Step one: Cover the tin in ModPodge. I left the tea label on in this case – the ModPodge will adhere better to a porous surface.
Step Two: Wrap the tin in paper of your choice.
My cut out didn’t wrap all the way around, so I had to cut an extra scrap to cover the space. =]
Step Three: Use a razor blade to trim the excess paper. This can had a handy lip right under the rim, so I wedged the blade into that to make a nice clean cut.
Step Four: Cover the whole thing in ModPodge again. This seals the paper to make it stick better, gives it a bit of a sheen (depending on the type of podge you’re using) and prevents the paper from ever ripping.
Step Five: Let dry. Fill with random odds and ends, stick on a shelf, and feel great about recycling!
I’ve always been a fan of Goodwill. It’s hit or miss mostly, and some towns just have a better selection than others.
One thing you can count on in any case is a vast selection of mugs. Being the avid tea drinker I am, I collect mugs like its my job. So when I this earthy mug at the Torrington Goodwill, I had to have it.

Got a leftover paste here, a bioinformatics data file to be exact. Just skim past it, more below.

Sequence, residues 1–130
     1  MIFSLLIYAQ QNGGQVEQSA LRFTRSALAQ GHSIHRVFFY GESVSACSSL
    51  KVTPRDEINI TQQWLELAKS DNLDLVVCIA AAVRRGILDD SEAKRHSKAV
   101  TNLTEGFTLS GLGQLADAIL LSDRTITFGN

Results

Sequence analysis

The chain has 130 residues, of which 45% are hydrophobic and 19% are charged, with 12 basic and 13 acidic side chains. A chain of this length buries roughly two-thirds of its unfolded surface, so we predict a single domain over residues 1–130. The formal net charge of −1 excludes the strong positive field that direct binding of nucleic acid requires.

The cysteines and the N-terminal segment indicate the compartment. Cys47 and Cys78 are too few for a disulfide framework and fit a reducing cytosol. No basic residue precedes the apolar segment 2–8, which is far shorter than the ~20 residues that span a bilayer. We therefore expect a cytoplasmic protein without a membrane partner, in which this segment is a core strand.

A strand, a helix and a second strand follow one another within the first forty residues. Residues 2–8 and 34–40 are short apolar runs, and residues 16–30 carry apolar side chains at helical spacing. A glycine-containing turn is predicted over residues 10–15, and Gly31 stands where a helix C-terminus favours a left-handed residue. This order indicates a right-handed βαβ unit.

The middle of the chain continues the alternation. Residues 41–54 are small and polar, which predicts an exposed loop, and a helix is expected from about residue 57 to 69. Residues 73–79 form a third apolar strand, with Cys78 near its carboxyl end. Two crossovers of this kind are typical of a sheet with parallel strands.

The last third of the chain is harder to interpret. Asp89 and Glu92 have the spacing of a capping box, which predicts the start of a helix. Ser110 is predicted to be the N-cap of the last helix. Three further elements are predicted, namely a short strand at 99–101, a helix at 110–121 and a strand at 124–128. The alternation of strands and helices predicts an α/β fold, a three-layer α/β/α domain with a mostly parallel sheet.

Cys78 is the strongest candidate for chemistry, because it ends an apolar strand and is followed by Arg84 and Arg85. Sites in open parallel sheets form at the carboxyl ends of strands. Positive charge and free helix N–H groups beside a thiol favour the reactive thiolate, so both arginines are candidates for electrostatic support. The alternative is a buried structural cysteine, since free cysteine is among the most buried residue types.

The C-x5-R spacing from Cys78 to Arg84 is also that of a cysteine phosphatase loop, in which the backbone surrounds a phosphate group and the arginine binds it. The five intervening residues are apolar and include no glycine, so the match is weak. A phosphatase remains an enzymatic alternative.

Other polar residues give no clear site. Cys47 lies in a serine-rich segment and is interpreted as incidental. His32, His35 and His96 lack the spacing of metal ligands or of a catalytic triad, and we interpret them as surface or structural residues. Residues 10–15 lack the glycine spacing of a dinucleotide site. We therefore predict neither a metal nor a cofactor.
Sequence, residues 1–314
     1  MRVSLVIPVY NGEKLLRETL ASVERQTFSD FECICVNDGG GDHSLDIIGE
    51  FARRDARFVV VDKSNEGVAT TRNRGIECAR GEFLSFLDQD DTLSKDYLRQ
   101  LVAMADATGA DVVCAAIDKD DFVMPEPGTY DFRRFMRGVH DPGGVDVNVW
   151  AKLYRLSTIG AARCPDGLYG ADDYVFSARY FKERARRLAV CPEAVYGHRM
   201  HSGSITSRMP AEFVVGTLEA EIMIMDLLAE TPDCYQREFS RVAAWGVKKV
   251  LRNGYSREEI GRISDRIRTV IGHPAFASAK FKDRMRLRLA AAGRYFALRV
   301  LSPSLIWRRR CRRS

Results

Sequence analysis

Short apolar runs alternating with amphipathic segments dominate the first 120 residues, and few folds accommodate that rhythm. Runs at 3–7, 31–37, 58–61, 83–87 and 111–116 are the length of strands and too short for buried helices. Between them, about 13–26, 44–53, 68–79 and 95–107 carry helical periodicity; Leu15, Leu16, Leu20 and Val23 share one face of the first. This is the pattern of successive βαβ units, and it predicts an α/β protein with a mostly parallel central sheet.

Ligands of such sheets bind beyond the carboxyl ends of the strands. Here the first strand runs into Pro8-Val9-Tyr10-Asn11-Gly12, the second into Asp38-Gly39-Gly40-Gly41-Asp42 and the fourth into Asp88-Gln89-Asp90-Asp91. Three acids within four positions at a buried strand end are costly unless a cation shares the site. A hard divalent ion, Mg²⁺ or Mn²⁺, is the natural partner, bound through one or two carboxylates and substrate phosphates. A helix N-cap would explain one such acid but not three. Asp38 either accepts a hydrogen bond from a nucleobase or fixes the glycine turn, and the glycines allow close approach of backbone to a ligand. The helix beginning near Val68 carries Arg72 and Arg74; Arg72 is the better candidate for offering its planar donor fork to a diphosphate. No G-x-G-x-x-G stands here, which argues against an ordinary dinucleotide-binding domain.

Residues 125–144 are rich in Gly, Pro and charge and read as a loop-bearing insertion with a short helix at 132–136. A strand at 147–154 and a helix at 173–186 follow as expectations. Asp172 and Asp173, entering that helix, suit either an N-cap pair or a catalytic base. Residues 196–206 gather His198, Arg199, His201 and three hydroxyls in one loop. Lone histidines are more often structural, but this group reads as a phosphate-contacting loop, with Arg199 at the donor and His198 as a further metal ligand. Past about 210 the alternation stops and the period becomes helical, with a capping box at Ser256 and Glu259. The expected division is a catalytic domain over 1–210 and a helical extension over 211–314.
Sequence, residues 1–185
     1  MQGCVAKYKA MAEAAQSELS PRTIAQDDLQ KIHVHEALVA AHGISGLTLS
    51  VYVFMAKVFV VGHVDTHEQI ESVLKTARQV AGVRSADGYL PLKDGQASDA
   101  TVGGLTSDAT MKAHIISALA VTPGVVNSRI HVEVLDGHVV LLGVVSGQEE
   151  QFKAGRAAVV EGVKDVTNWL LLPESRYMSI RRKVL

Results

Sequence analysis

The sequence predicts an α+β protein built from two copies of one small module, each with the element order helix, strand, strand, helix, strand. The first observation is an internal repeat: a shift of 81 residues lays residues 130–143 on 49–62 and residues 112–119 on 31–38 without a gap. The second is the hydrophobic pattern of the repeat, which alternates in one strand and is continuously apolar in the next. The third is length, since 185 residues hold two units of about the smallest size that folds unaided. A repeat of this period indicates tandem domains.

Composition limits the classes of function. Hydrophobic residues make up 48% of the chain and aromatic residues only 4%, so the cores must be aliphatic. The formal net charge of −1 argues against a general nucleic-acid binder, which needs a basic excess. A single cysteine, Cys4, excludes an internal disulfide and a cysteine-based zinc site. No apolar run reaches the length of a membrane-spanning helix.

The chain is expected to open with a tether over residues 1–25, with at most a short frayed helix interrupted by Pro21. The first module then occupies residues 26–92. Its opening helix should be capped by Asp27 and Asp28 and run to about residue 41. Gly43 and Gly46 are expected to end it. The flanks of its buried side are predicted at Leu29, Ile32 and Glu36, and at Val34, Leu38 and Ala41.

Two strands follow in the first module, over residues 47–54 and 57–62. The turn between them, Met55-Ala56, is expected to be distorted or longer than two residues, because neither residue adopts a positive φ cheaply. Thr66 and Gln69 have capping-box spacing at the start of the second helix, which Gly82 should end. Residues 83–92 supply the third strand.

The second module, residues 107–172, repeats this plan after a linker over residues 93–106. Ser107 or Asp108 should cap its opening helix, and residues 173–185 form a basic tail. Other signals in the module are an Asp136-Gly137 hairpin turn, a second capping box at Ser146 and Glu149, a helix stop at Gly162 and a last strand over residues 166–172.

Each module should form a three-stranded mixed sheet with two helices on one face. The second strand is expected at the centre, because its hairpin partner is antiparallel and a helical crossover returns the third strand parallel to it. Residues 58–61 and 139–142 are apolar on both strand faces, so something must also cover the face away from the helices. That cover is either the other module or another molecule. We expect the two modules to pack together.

Oh, and in case you’re wondering, this is the best tea in the world:
In addition to being invited to judge the 2012 Durham Fair, I was lucky enough to participate as one of four demo artists!
It was tough to decide what image to do, given that hundreds of people would be walking by, talking pictures, and asking me a million questions.
I chose a reference photo from a local farm in Middletown. The equine owner was THRILLED, and of course told all of her friends to come see.
Of course after the demo was over, Adam and I couldn’t resist the calorie-packed allure of some deep fried Oreos!